(SPOT.ph) "Damaso"-wielding performance artist Carlos Celdran lives in Malate, shops in Quiapo, and hangs out on UN Avenue and in Ermita. As a tour guide in Manila, he undoubtedly knows his way around the city. SPOT.ph asked him to pick 10 spots in the country’s capital (plus a few other cities in the metro) that bring on the chills.
"I’d like to make it clear that I mean ’scary’ and not particularly ’haunted,’" he clarifies. "As a firm believer in science and all that can be explained, I am wont not to advocate the belief in anything that is invisible. But since I am also a firm believer of all that is mystical in this world, I can just assure you that these places will make your hair stand. It’s up to you to figure out why."
In no particular order, here is Carlos’ list of Manila’s spookiest spots.
This article was originally published on October 28, 2010.
1. St. Pancratius Chapel in La Loma Cemetery
The place: The chapel is "over 100 years old and located in Manila’s oldest cemetery in Santa Cruz," says Celdran. When SPOT.ph went to check it out, it was locked and the caretaker was nowhere to be found. Travel blogger Ivan Henares wrote in 2006 that the chapel was "decommissioned with the construction of a modern parish church near the new entrance." St. Pancratius is said to be a Christian martyr, who was beheaded at age 14 and buried in a cemetery that was later named after him.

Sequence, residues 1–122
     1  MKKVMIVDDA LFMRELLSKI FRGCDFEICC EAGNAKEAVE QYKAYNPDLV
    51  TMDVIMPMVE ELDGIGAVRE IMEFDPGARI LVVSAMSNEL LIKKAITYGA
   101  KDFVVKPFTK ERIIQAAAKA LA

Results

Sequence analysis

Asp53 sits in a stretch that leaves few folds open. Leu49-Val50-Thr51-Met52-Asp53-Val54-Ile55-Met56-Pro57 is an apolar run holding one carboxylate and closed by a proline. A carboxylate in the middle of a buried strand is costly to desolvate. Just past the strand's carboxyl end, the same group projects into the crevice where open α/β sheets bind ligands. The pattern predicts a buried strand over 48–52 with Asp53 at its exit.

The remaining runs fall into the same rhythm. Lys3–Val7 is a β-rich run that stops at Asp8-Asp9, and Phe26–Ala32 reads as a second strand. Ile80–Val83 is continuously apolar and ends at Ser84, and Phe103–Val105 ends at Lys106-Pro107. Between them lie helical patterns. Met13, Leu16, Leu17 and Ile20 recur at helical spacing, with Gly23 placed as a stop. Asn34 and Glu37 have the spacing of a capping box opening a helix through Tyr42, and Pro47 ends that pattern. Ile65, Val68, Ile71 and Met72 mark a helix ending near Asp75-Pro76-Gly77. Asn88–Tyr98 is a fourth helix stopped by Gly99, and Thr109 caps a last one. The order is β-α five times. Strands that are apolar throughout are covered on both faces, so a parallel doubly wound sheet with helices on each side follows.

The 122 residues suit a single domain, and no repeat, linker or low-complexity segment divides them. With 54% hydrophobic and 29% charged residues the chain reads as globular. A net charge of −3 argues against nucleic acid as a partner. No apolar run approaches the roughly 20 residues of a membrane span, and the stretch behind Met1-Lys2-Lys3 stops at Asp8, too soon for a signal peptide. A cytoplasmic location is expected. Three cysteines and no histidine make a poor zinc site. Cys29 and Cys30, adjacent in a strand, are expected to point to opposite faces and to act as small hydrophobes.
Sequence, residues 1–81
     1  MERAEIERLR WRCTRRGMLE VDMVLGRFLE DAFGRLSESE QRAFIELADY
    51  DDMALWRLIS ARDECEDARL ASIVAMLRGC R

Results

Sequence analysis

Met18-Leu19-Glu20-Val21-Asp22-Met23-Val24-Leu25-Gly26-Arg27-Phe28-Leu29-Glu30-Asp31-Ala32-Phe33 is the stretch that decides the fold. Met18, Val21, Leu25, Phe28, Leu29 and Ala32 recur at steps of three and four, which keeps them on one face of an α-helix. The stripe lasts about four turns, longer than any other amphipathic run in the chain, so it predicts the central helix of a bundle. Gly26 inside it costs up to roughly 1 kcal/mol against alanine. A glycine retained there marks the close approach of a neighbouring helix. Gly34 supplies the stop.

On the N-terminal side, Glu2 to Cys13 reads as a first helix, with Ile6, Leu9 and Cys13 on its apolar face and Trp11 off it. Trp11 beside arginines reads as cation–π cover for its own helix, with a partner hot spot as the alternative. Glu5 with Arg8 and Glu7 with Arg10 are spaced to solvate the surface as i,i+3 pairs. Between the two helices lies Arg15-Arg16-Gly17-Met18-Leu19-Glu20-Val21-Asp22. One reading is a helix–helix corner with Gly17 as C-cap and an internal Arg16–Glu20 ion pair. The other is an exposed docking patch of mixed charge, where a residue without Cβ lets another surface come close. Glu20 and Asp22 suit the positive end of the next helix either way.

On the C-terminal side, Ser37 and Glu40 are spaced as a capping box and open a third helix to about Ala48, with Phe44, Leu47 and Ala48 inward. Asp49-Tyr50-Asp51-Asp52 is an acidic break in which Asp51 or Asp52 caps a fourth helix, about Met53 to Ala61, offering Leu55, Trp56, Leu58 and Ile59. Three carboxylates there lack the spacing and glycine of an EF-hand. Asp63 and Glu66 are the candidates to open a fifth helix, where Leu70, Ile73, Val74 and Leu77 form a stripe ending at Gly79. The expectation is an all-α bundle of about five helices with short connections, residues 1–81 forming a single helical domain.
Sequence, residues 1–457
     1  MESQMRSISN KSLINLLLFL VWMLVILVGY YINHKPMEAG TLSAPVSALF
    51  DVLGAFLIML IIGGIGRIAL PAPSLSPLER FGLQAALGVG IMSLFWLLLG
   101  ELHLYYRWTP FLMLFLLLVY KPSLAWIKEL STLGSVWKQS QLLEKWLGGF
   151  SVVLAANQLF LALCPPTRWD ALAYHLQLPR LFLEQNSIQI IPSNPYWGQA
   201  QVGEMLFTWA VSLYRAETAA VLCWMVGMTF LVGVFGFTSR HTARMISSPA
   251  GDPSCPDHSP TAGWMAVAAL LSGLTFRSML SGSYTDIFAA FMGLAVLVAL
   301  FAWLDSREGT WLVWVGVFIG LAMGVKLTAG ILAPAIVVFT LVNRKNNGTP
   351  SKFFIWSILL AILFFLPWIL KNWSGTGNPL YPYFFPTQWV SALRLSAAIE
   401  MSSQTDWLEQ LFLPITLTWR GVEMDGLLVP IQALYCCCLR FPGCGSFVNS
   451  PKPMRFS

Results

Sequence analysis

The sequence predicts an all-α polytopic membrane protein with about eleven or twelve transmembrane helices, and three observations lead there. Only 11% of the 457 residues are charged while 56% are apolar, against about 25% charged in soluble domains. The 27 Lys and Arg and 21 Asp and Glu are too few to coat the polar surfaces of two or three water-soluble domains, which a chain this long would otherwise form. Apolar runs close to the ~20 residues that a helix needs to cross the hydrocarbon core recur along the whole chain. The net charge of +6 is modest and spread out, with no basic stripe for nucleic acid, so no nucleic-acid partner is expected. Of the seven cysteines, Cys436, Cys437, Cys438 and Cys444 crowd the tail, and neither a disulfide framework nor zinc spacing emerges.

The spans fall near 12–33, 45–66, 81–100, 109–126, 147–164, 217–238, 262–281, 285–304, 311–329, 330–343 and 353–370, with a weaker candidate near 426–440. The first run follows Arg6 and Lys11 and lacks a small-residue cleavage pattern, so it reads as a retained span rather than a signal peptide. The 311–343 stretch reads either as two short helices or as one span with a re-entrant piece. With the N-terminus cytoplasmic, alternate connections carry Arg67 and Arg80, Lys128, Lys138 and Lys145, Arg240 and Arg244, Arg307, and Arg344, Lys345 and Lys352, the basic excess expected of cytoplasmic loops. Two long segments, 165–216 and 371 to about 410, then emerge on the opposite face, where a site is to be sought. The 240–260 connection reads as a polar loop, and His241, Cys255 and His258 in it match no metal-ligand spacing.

Celdran says: "It looks like it dropped right out of a Filipino horror movie. The gates in front, which lead to nowhere, have skulls and crossbones carved on it. The lion statues that guard its gate do nothing to remove its overt ghostliness."
2. Fifth floor of the Philippine National Bank building on Roxas Boulevard
The place: Celdran says the building’s fifth floor was "apparently used as a morgue for the victims of the Regent Hotel fire back in the early ’80s." He adds, "Its ceiling is oddly much lower than all the other floors of the building."
Celdran says: "Tenants of the building say that the floor is so haunted that the number five has been removed from the elevator buttons, and word has it that an exorcism had to be done earlier this year."